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Late-blooming Koushik wants to make the most of his time

A mechanical engineer by qualification, Koushik let go a corporate career to pursue his passion

Shashank Kishore
Shashank Kishore
V Koushik has picked up 24 wickets in five games in this Ranji Trophy season  •  KSCA

V Koushik has picked up 24 wickets in five games in this Ranji Trophy season  •  KSCA

V Koushik didn't play club cricket until he was 17. During his early teens, he was so academically inclined, that he gravitated towards science. A degree in mechanical engineering was a natural progression, but at 21, he took a different route.
"I took a gap year," he tells ESPNcricinfo. It's a decision he doesn't regret nearly a decade later. At 31, he is a late bloomer. His road to get here has been cobbled with challenges, but being a key part of Karnataka's pace attack has made the journey sweeter.
So far in this Ranji Trophy season, Koushik has picked up 24 wickets in five games. Beyond the bare numbers is a story of a bowler who can relentlessly come at you all day, bowling a nagging line and prising out batters with swing or minute deception.
"I'm not a 140kph bowler, I'm very clear about that," Koushik says. "Maybe this is one attribute that has hurt my IPL chances despite consistent performances. But I can't suddenly change that. You can put me in the league of a Sandeep Sharma, Bhuvneshwar Kumar or Deepak Chahar - who are all not pacy, but can move the ball and bowl in the late 120s, early 130s."
Last week, Koushik contributed a vital 1 not out to Karnataka's one-wicket win over Railways. He walked in to bat with the team needing 12 more. He held his nerve along with Manish Pandey to deliver a third win for the team in five matches.
Interestingly, Koushik himself could have played for the Railways, a team he is qualified to represent courtesy his father who was an employee. He grew up playing recreationally at the Rail Wheel Factory grounds in Bengaluru, and had the opportunity to be a part of the set-up through the Railways' recruitment.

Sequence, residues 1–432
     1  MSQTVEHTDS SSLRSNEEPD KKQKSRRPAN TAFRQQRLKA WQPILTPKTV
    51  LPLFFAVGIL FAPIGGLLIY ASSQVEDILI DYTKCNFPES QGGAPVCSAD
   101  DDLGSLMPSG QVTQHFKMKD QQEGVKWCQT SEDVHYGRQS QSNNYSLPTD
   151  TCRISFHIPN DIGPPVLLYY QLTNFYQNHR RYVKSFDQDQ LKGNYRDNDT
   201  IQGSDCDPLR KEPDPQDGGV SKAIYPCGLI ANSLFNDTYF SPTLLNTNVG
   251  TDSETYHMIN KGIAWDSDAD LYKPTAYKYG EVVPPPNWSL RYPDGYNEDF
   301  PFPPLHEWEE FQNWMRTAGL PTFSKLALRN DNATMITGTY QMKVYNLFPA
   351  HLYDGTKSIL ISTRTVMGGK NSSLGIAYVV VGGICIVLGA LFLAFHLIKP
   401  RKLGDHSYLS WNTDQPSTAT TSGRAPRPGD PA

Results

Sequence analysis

However, he spent his gap year playing club cricket, which paved the way for an entry into the Karnataka Under-23 squad. But the road uphill was tough since the team had a proven pace attack of Vinay Kumar, Abhimanyu Mithun and S Arvind. With the team on a massive wave of success - they swept the domestic scene for two seasons in a row from 2013-2015 - opportunities were far and few between.
"He [Mayank] sometimes has more belief in me than I have in myself. It's great to have a captain like him."
Koushik on his Karnataka captain
Koushik now decided it was time to pursue a corporate job alongside cricket. He interviewed with a number of multinational companies and soon joined Amazon India, the e-commerce giant, as a content developer in the ad policing department.
"It was tough," he says. "I didn't get much time to train, but I couldn't sit doing nothing either. I'd ask for night shifts that allowed me to attend KPL camps, and train during the day. Getting leaves altogether was difficult."
Koushik persevered and often met with rejection. Breaking into the Karnataka senior set-up proved hard. For four years, he sat out of the first XI during the pre-season tournaments. That pushed his career back.